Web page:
My Fox News Talks About Superintendent Alvarez’s Move to Rye, NY

Some N.J. school superintendents leave for N.Y.:

UPDATED: with Rye City, NY salary info

Superintendent of Montclair schools, Frank Alvarez, announced he would be leaving the district back in early February, but it wasn’t until last week did we learn that it was because he would be taking the Superintendent position at the Rye, NY school district.

Speculation is it’s because of Governor Christie’s Superintendent salary cap, which was put into place last year, that would have cut Alvarez’s $250,000 salary to $175,000 in two years. According to this New York State School Administrator Salary Disclosure document. The salary for Super. in the 2011-2012 school year was $253,623.

We asked Alvarez to speak to us about his time and work in Montclair and why he decided to leave. He responded, “I’ll pass at this time and let the record stand.”


  1. What Fox missed was asking residents what they thought of Alvarez going. Most people I have heard from think it is a good thing. Why do we want to pay more money to person we don’t think is doing a good job?

    If NY wants to throw their taxes out to pay him $275,000 let them. Whoop it up NY just remember you don’t get what you pay for in this game.

  2. I think “because of the NJ salary cap” is but one part of the answer. My understanding (as someone that doesn’t follow this too closely as I don’t live there) is that NY is putting a similar cap in place in the near future. This means that there’s a brief window during which one can move from a NJ job to a NY job w/o falling under the new NY salary cap.

    The NJ cap wouldn’t have any effect on Dr. Alvarez, had he stayed in Montclair, for a couple of years. By then, though, the NY cap could be in place. So in this scenario, he’d have a pre-cap salary only for two more years.

    But if he has a 5 year contract with Rye, he gets to have a pre-cap salary for 5 years as a result of the move.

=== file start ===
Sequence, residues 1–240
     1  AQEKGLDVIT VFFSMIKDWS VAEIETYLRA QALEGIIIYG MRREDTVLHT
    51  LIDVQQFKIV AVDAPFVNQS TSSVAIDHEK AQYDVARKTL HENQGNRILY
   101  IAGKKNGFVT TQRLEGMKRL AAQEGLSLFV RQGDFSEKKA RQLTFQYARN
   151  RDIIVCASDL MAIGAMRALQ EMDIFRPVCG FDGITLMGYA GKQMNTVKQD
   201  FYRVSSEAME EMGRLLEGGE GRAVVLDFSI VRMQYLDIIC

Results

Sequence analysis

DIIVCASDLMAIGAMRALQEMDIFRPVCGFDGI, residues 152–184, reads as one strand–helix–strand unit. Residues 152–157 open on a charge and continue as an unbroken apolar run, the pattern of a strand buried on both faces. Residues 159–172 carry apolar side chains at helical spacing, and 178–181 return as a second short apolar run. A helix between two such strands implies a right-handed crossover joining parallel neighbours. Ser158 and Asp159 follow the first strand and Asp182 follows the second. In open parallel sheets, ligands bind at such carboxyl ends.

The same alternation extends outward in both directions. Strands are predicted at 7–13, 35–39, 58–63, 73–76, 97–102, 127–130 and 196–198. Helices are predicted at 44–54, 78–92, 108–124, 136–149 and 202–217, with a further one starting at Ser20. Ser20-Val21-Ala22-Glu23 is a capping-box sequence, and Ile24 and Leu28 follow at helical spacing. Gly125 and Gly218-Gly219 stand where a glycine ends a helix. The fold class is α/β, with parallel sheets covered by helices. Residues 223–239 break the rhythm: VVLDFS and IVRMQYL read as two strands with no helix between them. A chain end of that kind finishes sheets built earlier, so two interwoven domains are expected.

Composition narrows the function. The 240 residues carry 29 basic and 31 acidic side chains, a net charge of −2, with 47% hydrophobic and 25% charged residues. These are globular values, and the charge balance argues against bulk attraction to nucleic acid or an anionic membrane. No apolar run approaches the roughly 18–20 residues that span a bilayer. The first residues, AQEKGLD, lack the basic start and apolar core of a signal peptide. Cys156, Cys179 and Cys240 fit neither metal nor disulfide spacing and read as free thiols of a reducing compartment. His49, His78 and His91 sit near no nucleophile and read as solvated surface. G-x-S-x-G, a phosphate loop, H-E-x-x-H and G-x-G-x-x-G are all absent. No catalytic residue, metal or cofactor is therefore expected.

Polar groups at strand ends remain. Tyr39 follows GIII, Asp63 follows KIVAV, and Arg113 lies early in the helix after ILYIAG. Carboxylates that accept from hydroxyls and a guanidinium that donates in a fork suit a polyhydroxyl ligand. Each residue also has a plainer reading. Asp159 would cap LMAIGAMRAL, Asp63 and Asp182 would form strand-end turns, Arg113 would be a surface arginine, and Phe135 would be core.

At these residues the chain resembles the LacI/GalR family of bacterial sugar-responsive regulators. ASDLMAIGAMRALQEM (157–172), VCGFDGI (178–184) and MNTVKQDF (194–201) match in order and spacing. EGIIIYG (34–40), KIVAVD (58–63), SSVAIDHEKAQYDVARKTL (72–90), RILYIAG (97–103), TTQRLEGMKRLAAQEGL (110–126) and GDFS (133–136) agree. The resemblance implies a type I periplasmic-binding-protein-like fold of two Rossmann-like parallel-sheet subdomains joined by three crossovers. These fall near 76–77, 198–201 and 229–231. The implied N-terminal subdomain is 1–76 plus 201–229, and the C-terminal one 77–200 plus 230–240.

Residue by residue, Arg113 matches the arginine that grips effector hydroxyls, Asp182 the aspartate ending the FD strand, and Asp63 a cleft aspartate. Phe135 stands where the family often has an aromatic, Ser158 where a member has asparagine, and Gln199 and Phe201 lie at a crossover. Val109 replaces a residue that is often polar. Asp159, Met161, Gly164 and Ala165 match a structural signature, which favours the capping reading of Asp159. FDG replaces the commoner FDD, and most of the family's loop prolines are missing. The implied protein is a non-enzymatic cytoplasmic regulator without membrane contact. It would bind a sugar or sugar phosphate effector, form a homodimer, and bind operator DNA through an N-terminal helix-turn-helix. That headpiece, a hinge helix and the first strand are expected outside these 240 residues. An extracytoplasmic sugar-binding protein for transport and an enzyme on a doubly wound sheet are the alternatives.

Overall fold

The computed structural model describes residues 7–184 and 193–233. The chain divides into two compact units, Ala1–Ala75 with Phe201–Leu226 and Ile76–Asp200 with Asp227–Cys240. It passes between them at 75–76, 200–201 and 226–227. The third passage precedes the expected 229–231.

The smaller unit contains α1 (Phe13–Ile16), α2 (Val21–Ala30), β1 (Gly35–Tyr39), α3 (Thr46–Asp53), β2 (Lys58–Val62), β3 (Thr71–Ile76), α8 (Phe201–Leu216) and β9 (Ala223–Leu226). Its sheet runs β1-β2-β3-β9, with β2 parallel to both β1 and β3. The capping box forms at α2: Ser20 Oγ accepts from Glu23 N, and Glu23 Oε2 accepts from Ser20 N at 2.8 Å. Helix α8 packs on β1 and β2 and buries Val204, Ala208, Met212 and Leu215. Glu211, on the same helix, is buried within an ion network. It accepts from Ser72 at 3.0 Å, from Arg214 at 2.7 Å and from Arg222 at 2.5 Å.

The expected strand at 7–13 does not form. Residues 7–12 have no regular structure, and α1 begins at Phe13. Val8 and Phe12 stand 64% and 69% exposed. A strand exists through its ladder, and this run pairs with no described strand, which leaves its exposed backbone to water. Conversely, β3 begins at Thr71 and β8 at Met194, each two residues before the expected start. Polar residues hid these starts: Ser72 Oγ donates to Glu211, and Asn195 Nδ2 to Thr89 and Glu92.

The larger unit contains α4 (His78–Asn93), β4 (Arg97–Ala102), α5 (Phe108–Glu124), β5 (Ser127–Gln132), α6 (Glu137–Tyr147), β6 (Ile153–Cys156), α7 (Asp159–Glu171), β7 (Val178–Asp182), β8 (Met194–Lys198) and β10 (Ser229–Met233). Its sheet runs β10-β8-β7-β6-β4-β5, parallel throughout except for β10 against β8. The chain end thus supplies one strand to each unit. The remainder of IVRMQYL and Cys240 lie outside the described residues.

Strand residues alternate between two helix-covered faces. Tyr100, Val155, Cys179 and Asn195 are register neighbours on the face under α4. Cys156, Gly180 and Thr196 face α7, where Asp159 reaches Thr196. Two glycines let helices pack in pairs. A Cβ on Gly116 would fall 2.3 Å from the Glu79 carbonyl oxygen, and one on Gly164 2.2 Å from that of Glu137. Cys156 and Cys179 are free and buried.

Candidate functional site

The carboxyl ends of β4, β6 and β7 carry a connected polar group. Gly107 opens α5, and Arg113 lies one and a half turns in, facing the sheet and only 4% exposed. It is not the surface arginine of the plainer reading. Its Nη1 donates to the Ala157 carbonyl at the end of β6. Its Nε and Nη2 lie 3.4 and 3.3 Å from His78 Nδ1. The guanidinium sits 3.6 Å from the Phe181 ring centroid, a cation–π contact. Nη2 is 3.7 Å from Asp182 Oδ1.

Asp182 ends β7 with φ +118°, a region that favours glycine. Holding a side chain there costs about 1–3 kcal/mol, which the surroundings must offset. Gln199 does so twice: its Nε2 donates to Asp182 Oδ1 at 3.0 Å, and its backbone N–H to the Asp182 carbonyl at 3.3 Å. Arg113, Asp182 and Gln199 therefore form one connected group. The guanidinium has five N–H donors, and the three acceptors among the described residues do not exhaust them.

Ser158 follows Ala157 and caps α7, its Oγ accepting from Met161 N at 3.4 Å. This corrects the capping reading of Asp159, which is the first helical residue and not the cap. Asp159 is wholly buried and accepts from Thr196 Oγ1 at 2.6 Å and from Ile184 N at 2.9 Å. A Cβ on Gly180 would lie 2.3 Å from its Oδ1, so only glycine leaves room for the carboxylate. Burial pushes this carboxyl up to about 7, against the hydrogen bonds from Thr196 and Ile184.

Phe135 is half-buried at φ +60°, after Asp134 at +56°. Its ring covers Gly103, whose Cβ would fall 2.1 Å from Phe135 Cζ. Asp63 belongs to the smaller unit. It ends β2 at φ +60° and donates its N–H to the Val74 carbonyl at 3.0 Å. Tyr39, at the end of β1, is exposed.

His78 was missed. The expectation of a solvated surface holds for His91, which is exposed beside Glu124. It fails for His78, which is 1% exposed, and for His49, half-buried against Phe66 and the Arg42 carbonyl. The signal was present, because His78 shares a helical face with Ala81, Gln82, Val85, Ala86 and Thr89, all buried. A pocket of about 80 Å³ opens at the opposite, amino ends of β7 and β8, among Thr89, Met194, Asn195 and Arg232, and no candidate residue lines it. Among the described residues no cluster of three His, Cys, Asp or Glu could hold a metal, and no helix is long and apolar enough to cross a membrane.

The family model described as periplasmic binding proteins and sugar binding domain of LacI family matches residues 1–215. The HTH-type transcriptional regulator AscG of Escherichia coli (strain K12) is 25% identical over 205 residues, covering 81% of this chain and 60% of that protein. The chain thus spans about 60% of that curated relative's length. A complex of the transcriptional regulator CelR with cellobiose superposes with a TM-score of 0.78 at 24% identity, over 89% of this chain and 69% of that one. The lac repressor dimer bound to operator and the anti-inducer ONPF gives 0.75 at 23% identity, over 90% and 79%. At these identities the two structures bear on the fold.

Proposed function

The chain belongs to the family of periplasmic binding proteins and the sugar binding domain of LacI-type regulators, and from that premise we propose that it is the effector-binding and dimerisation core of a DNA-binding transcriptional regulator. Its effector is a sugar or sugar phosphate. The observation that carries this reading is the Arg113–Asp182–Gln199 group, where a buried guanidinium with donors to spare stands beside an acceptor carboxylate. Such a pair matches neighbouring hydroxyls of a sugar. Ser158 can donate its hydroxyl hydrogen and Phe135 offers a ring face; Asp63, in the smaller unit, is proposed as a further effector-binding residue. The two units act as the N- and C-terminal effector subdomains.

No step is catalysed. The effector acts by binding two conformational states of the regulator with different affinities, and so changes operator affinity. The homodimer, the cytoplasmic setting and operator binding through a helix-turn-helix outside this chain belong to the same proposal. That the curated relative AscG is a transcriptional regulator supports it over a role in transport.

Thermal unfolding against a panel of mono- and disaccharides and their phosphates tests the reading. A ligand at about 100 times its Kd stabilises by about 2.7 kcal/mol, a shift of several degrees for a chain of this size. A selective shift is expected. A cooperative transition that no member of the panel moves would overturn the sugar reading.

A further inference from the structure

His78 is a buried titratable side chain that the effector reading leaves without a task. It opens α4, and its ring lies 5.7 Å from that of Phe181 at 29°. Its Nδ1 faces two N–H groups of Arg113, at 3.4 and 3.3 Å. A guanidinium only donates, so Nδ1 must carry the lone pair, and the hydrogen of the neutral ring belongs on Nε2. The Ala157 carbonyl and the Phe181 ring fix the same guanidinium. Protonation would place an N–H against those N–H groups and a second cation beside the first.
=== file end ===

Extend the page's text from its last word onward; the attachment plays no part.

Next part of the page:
This is the type of sound fiscal analysis that we like to see in our superintendents, right?


  3. Don’t forget that Alvarez will be able to collect a nice sizable pension as a NJ retiree in addition to the increased salary he is likely getting in NY (he will be able to collect both simultaneously). When his contract ends in 5 years in NY, he will then be able to retire and collect 2 pensions.

  4. Again with the useful information, agideon, thanks.

    I agree, of course, with everything Holly says, as always (call it a survival instinct). But it would be interesting to know what the folks who have to hire Alvarez’s replacement think of his leaving, and the prospect of hiring someone under the cap.

  5. Alvarez was smart to make this move. And everything I’ve seen of him prior to his making this decision suggests to me that he was a very capable administrator here, and will do a great job in Rye.

    However, Holly K implies above that most people in Montclair would say Alvarez was doing a poor job in Montclair. I’d be curious to hear what in particular she and the people she has spoken with think that he has done badly.

    As I said near the end of another thread over at Bnet, there’s a very good “hard data” case to be made that the teachers and the curricula in the Montclair school system are every bit as good as (arguably better than) those in Glen Ridge—a system that everyone seems to agree is among the very top of the crop in NJ.

    The analysis that leads to this conclusion hinges on what may at first blush appear to be an “un-PC” way of making the case: namely, comparing the NJASK4, NJASK8, and HSPA11 test results from both school districts for only one demographic group: white students.

    Why do I single out white students? Because in making disparaging remarks about the supposed ‘mediocrity’ of the Montclair school system, critics frequently cite Glen Ridge’s school system as the point of comparison, without acknowledging that that school system is almost uniformly populated with high-socio-economic-status (i.e., white) families, whereas in Montclair there is a large population of (very) low-SES families. In north Jersey, the demographic category “white” is a virtual (but by no means absolute) proxy for “high-SES.” So the only way to properly do an apples-to-apples comparison between Glen Ridge and Montclair is to isolate the performance data for the white kids in both systems.